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CoPIRG Foundation, the Rocky Mountain Farmers’ Union, and Colorado farmers released Deere in the Headlights, a report revealing how difficult it is for farmers to get the tools they need to fix their equipment.
“It doesn’t matter how industrious farmers are—modern farming equipment is designed so that they need to call the dealership to repair their machines,” said Allison Conwell, CoPIRG Advocate.
Modern farm equipment, just like most modern technology, runs on software. But when manufacturers restrict access to the software tools needed to repair broken tractors, farmers are forced to rely on dealerships. That can lead to lengthy delays and inflated repair bills. With fields to be plowed, planted and harvested, farmers don’t have the time to wait for a dealer. They need to be able to fix their own stuff.
When farmers have to wait for the dealer to fix their equipment, a simple task can turn into a month-long wait.
“Farmers are industrious. Folks want to be able to work on their own equipment and have some of that freedom. Especially if they’re purchasing that equipment, they’d like to be able to have the access to be able to work on that,” said Dan Waldvogle, Director of External Affairs for the Rocky Mountain Farmers’ Union.
In addition to not having access to software tools necessary for repair, farmers who have to rely on dealers to fix their equipment run into other issues like transporting their equipment from their field to the dealer and the additional costs that are associated with it.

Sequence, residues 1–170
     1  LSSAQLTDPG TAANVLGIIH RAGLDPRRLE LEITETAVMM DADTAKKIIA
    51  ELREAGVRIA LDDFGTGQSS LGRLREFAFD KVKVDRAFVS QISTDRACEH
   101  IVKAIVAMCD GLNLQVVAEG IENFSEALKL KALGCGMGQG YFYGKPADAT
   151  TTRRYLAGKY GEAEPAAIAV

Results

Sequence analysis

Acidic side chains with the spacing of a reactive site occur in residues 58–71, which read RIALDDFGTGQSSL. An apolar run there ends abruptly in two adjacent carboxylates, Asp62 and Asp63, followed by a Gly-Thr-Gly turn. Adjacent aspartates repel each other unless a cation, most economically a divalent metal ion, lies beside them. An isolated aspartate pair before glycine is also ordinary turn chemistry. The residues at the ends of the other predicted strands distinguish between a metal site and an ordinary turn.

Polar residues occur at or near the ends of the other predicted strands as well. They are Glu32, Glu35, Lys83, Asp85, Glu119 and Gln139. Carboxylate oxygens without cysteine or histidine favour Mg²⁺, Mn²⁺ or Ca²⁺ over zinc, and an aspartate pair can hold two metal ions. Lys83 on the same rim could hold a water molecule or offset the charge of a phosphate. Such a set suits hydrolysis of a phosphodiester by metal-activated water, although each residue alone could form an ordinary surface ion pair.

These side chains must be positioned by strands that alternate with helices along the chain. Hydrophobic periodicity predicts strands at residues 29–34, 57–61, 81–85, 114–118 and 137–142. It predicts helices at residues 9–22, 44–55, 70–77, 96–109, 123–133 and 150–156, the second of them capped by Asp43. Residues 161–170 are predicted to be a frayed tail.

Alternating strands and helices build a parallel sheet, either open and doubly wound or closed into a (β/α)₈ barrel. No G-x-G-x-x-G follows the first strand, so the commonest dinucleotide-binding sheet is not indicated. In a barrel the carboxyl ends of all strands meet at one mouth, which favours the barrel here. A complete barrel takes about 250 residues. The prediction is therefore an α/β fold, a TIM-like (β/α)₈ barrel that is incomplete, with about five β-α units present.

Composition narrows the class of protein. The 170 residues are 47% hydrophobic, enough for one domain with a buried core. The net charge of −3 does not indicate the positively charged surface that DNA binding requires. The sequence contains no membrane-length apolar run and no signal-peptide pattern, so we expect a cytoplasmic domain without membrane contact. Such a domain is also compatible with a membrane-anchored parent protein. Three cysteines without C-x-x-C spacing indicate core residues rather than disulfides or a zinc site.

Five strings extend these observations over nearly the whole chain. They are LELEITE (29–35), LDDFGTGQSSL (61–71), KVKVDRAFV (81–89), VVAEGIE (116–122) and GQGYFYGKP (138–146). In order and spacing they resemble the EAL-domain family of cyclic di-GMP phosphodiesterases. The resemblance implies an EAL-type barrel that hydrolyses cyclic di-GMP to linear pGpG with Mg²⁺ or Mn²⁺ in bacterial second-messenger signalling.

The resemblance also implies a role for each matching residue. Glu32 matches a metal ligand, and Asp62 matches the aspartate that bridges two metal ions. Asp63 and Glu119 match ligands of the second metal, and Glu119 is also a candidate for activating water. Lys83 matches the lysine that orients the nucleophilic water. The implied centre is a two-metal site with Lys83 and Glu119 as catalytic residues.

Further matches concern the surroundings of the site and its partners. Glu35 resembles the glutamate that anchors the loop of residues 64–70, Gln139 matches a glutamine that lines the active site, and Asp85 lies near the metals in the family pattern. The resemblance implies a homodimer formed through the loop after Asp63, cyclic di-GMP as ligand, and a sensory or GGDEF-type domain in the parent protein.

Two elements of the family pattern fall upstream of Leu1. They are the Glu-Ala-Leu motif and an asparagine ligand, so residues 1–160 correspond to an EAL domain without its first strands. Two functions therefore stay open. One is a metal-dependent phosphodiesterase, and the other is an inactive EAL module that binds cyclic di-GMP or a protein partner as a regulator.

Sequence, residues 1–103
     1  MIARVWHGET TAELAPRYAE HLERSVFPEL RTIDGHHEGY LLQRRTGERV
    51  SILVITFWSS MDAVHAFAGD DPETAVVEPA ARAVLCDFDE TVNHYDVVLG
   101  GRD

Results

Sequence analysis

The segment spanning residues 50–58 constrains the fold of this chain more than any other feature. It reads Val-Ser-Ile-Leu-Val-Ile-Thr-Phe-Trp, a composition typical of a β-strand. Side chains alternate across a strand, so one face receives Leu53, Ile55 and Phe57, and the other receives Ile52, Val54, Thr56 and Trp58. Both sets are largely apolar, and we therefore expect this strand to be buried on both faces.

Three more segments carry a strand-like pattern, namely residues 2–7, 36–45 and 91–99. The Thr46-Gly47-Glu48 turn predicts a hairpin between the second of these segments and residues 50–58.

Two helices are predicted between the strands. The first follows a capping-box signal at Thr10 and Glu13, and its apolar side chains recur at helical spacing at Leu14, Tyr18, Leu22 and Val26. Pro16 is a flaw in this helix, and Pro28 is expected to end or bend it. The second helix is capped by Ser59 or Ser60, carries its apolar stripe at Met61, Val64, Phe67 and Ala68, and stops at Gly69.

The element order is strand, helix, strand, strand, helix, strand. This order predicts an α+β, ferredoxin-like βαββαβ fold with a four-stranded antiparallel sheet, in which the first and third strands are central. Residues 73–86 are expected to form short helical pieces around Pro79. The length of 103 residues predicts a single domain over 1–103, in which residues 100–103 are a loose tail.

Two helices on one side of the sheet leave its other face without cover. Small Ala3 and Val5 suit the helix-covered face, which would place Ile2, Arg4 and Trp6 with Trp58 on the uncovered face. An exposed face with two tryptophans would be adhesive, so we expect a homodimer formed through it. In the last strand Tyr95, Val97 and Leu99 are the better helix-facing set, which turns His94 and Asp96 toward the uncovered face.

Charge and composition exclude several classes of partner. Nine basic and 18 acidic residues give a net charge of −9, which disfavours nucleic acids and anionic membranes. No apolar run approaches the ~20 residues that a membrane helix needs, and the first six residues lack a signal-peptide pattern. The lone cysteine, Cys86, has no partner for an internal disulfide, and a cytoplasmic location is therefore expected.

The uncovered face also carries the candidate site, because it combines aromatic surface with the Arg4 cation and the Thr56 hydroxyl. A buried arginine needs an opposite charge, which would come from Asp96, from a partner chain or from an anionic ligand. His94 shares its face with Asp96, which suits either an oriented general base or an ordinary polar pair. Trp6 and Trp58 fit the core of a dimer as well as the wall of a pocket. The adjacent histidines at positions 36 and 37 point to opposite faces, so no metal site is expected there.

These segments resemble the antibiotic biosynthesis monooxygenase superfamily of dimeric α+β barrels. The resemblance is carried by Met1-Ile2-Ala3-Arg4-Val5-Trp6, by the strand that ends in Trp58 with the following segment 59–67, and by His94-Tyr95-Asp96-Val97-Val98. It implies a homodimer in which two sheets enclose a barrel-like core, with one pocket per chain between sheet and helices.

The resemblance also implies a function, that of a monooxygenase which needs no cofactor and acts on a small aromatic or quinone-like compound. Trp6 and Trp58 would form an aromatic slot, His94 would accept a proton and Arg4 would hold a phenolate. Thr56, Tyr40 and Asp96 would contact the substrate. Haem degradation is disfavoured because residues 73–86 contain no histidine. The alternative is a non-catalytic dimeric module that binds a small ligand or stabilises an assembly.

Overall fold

“We’re a small farm. I don’t have any back-up gear. If something needs fixed, I don’t have something else to replace it with. So, it means we’re not getting work done," added Kristin Ramey, who owns LongShadow Farm. “One of the issues we also have isn’t ‘Is the dealer going to fix this and how much will they charge us for it,’ it’s getting the equipment to the dealership. One of our tractors is bigger than our trailer can handle.”
The Association of Equipment Manufacturers (AEM)—an industry group that includes John Deere, Kubota, Case, New Holland, and more—issued a statement of principles promising to provide on-board diagnostics and other repair information starting in 2021. But calls to local dealers have shown that diagnostic tools are rarely available for purchase.
“My colleague at U.S. PIRG Education fund called John Deere dealers in multiple states and found that the overwhelming majority don’t sell software tools needed for repair to farmers,” Conwell added. “Most of the time, the response to our request is an emphatic ‘no’. If you aren’t dealer-affiliated, you’re out of luck.”
Right to Repair legislation—which would provide farmers with access to the physical and software tools used to diagnose, calibrate and otherwise authorize repairs—is gaining popularity amongst farmers as a result.
Last year, Colorado introduced a Right to Repair bill, which called for access to repair material for agricultural equipment as well as other electronic devices such as cellphones, laptops, household appliances, and medical equipment.
“We are backing the Right to Repair campaign because we could hire professionals to educate the community on how to repair their own devices,” said Leandra Arellano, Founder and Creative Director of Backyard Farm NoCo.
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